Monday, June 23, 2008

The Last Exit to Normal - Michael Harmon

i really liked this book. i liked it so much that when i got home from work the other night i pretty much just sat on the couch and rad until it was done. "the last exit to normal" is a coming of age story told from the pov of 17 year old ben campbell. ben's life has been rather difficult the past few years due to the fact that his dad came out and his mother left. since then ben has had to accept the fact of his father's homosexuality and come to grips with his mother's abandonment. mostly, he has chosen to do neither of these things and has let his anger lead him on a downward spiral of drugs and skateboarding. at 17 ben suddenly decides that enough is enough and that he's ready to clean up his act and make peace with his dad. this seems to be a rather mature decision for a 17 year old to make, but what the hey, i'll let it go. unfortunately, ben seems unable to keep out of trouble for very long and he is soon involved in a car chase with the police that culminates with him driving into a house. understandably his dad is unimpressed and he decides to uproot ben and move to rough butte montana, ben's momdad's (the name ben uses for his dad's partner) hometown.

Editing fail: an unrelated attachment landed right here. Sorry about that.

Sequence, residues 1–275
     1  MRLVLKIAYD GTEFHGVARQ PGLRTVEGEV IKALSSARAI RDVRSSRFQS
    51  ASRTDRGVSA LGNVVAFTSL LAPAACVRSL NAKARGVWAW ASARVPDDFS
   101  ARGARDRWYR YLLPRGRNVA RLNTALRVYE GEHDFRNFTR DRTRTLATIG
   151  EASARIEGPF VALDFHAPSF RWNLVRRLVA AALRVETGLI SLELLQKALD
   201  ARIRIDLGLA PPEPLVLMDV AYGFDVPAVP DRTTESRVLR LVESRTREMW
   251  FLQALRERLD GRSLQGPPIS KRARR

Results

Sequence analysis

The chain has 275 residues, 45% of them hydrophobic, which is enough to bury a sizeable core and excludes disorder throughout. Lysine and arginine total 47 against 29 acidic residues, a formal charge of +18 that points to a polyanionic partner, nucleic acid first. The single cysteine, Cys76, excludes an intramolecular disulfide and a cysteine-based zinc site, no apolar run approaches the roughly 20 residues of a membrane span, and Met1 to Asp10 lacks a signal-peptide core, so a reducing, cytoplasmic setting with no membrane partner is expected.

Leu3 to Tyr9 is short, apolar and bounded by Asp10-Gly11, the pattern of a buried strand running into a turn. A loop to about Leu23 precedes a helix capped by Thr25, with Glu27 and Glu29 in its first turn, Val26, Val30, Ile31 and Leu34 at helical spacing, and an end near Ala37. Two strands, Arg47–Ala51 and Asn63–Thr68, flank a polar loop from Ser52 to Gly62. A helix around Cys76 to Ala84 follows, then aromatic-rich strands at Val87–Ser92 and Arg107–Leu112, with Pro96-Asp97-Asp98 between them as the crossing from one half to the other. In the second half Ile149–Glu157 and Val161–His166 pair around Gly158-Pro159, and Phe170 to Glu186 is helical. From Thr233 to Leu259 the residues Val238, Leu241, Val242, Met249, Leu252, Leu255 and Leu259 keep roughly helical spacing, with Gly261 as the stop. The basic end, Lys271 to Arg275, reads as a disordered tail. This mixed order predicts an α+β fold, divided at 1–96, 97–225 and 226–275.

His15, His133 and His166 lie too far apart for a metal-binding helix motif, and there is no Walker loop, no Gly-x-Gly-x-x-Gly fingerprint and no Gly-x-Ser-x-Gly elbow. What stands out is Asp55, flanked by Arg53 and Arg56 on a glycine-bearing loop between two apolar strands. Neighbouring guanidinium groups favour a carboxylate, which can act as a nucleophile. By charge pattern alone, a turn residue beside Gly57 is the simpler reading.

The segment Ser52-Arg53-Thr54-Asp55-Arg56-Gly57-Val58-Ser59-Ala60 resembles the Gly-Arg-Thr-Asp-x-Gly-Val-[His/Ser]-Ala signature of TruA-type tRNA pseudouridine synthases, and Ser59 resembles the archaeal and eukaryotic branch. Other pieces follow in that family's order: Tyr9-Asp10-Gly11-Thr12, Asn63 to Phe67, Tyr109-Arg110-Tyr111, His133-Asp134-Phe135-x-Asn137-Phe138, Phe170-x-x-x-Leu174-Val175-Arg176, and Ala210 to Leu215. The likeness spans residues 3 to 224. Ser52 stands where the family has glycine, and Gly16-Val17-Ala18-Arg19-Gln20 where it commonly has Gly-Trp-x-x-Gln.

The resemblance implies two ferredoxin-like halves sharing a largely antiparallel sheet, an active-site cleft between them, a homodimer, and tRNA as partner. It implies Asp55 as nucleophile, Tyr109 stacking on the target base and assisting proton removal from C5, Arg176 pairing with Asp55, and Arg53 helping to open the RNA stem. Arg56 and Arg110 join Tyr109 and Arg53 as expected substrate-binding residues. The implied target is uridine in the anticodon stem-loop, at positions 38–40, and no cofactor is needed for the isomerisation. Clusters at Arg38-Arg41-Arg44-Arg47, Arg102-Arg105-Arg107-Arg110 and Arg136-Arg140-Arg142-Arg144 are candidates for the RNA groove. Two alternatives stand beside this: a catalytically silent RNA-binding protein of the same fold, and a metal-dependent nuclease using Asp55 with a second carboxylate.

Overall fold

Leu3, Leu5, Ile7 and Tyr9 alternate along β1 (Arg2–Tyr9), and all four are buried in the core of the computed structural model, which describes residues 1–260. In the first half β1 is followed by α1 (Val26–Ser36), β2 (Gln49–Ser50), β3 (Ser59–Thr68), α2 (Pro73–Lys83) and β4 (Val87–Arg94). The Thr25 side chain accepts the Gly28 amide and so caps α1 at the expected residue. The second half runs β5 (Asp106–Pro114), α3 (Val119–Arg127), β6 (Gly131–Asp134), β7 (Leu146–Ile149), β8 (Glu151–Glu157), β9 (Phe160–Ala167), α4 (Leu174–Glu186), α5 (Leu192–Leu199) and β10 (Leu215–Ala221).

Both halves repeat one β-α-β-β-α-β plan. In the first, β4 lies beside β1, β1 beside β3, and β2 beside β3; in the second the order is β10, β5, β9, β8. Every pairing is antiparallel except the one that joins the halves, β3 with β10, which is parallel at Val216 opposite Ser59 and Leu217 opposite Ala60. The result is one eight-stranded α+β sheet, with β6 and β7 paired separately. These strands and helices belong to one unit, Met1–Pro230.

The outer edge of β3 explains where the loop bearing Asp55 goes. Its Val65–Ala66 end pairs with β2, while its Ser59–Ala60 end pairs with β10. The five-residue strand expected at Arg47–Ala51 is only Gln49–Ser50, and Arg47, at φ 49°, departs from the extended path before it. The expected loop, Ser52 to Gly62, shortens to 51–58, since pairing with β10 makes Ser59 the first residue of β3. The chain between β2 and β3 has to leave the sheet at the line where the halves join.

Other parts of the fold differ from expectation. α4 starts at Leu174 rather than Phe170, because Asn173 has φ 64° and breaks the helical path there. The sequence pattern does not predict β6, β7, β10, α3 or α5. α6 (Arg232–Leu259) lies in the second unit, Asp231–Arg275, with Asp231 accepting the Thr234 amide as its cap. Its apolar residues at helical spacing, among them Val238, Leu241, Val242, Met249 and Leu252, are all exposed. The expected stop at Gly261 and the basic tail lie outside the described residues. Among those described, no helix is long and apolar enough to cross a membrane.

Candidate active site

ben's move to rough butte sees ben having to come to terms with many of his prejudices. as a city boy he views the inhabitants of rough butte as hicks and rednecks. ben's skate punk style is severely out of place among the more conservative population in his new town. in terms of his dad's sexual orientation, ben assumes that everyone in rough butte will be homophobic and that things for him as well as his father will be rough. this provides an opportunity for ben's own homosexual prejudices to show themselves. and finally, there is the boy next door who ben believes is being abused by his father, but he is told time and time again to let it slide because people in rough butte have their own ways. i could take tonnes of time and space here and go on about deeper meanings to all of this stuff. however, i will instead suggest that you read this book and make up your own mind.

Thursday, June 19, 2008

Maid Machinegun - Aaliyah

ooookay. i did know that this novel was set in a maid cafe in tokyo's akihabara district (apparently the place to be if you happen to be any kind of otaku living in japan). so, it's a bit of a weird concept to begin with, but considering how hot japanese culture (manga/anime culture specifically) is right now, i thought, 'what the heck, could be fun". to be honest it wasn't quite as fun as i thought it would be. the narrator is a 15 year old girl named aaliyah who is passionate about dedicating herself to doing the best she can working as a maid. her dream is to see her cafe one day become very successful. she seems to have no life outside of the cafe, and doesn't appear to attend school or have a family or any friends aside from the people in the cafe. the word "maid" is used almost to excess in order to convey her obsessiveness. and then, right at the end, we get a rather bizarre twist. now all that said, it's pretty good for explaining various details about manga culture that some people aren't familiar with and introducing the world of japanese manga fandom and cosplay. but i'm just not too sure about it, am i?